7 Ways to Enhance Relevance and Increase Influence
You spend the first part of the journey fitting in and pleasing others. In the process you lose relevance.
The thing that makes you “other” is the thing that makes you relevant.
Fitting in makes you irrelevant.
The second part of your journey is about overcoming the irrelevance of the first. Difference, not sameness, enhances relevance and increases influence.
“Compete with your difference,” Dr. Nido Qubein at the World Leaders Conference.
7 relevance enhancers:
- Solutions you find for yourself and others. The problem you want to forget is the stuff that enhances relevance.
- Passion to serve people. The relevance of making things better is the way it impacts people. Management is about people
- Compassion combined with high standards.
- Engagement that overcomes isolation.
- Resilience. Everyone who quits, steps toward oblivion. Find someone who believes in you. Be a person who believes in others.
- Honesty with kindness.
5 tips for standing out:
- Express positive intention.
- Share your story, but beware of whining.
- Enjoy approval from others, but don’t need it.
- Prepare for haters. Everyone who stands out meets haters.
- Don’t try to stand out, be yourself.
Bonus: Fail while trying, but whatever you do, try.
How might leaders enhance their relevance?
What makes you “other?”
Another excellent post. I never gave this idea much thought, but it is very true. If we try to fit in, the diversity of thought, opinion, and impact disappears. America is founded on the idea of diversity, and I believe that if we pull the best from that diversity we can see exponential growth.
Thanks Jay. You extended this idea beautifully. I wasn’t even thinking about diversity. But, it captures an imporant foundational belief for standing out.
I wonder if you see this more often when working with bigger companies Dan. I would suspect that the bigger the organization the more of a tendency there is to go with the herd and not stick out for fear of being singled out. Therefore the bigger the company the more important it is for leadership to encourage and even protect those that stick out and then later fail along the way to their original stand out goals or mission.
Thanks James. That’s a really useful observation. It seems the more an organization grows the more pressure there is to “fit in.” I’ll add that top-down organizations demand fitting in. If you stand out in this type of organization you may end up OUT.
Fascinating, thought provoking post. And, very timely for me. Thank you. I think this idea applies in social on the ground) and in work settings. Would be interesting to map out some ideas that intersect with those of Dr. Qubein. And, to consider how one lives in this contradiction- of staying strong, relevant and connected while- at the same time – not fitting in.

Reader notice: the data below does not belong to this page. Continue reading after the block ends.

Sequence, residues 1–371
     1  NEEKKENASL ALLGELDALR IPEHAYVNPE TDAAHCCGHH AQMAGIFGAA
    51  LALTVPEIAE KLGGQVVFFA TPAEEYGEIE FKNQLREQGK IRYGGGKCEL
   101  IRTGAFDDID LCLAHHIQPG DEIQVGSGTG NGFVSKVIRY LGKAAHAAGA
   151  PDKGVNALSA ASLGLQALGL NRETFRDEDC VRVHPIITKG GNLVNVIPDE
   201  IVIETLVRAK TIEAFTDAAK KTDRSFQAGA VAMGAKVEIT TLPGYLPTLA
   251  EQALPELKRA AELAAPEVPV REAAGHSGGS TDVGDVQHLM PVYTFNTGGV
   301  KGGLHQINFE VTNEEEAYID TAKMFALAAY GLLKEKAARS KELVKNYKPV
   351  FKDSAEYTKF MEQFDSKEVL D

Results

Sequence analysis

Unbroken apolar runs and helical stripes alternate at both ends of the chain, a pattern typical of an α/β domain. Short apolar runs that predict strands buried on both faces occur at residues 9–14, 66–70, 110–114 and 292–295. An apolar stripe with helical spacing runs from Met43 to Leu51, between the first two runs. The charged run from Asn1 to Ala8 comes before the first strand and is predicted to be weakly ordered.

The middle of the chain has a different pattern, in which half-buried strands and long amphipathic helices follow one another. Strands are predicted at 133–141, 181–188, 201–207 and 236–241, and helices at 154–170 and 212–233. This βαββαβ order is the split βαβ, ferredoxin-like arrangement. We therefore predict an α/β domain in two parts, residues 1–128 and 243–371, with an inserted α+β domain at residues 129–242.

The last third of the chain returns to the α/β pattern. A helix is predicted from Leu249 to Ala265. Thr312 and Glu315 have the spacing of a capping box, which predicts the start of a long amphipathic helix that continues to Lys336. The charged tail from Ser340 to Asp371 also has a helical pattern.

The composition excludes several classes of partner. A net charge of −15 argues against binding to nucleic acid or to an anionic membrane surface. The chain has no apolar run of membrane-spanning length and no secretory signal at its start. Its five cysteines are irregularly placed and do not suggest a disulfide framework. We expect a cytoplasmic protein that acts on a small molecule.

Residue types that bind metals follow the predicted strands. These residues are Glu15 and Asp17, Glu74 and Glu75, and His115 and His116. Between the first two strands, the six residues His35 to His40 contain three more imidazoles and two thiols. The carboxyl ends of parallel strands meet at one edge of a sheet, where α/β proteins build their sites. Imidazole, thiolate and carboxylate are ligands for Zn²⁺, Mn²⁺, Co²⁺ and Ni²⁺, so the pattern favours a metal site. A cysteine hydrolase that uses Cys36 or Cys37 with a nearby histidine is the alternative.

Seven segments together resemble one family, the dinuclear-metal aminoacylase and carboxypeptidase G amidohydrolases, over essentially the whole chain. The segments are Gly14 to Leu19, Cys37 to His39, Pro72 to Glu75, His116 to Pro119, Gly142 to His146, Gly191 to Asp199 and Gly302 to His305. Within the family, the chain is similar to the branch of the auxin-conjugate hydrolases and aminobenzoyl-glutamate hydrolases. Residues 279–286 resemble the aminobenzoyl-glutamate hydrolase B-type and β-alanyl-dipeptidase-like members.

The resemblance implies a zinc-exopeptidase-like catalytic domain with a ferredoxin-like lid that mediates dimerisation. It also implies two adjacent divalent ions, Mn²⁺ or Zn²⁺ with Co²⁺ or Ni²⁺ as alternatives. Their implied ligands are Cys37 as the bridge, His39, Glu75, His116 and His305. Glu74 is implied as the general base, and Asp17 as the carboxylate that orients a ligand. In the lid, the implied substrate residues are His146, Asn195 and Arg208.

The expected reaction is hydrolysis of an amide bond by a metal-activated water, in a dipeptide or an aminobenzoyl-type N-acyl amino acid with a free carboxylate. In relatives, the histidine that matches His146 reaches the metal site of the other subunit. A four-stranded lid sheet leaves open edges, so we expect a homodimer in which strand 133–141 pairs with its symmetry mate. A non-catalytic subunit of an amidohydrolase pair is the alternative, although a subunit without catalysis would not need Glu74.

There may be some patterns to map out, and it would be interesting to see what major categories would emerge beyond what is in this post. I tend to think that every situation is unique – going back to the idea of diversity that was mentioned. As I transitioned through my new position in a relatively large organization, I found an initial honeymoon phase where having a different perspective was new information for the group. That was followed by stages of grief with no shortage of suffering. As it is with every loss – there is gain. Looking back it was probably a natural transition from who I was to who I have become.
Good post. I believe I have a staff who has made the whole trip. From fitting in then being a unique relevant idea guy. The problem now is the ideas and actions are so far off the basic needs of the organization they are not productive and are a distraction at almost every meeting.. basically looks at and fights for the lowest impact ideas. Any suggestions?
“Engagement that overcomes isolation” can be a tough one sometimes when you keep running up against status quo-lovers. I’ve learned over time that you just have to keep at it with your new ideas, because when you back away, they’re happy to just forget about you and to keep doing what they’re doing. I’ve learned in my current job that at the end of a meeting, if everyone is happy with my plan, then it’s probably not going far enough and needs to be rethought.
Uniformity (fitting in) kills innovation. Unity (working together while appreciating our diversity) creates ownership, belonging, and impact.
Dan, with respect to the age-old question—Why fit-in when we can stand-out?—are you answering the question (by enhancing relevance and increasing influence)? Or, are you saying there’s a “time” for fitting-in and for standing-out?
Also, with respect to leaders and staff members alike, is it possible we “stand-out” when we
Dan,Being yourself is what counts, we are not intended to be cloned, some rise above and standout some just mosey along riding the waves, while others plunge to the depths. Most important is they are choices we make. Should we decide to ride the wave or stand out? The freedom of choice is what is grand about our lives except we all truly do not have total control of our destiny.
I love this post. It reminds me of one of my favorite quotes by Winston Churchill: “You have enemies? Good. That means you’ve stood up for something, sometime in your life.”
This is the essence of who I am … which makes you a target of those who try to blend in.
As a kid I was a lone wolf … avoided the crowd … observed mob mentality with curiosity but did not succumb to it. I guess I was “weird”. At some organizations, I often rubbed managers and employers the wrong way because I made truthful observations that went against the grain and company’s perception of itself. I don’t like elephants in the room so I would point them out. Being unique is not easy but those who chose to be unique are the true leaders and they are the best people to have around in a company who wants to be successful.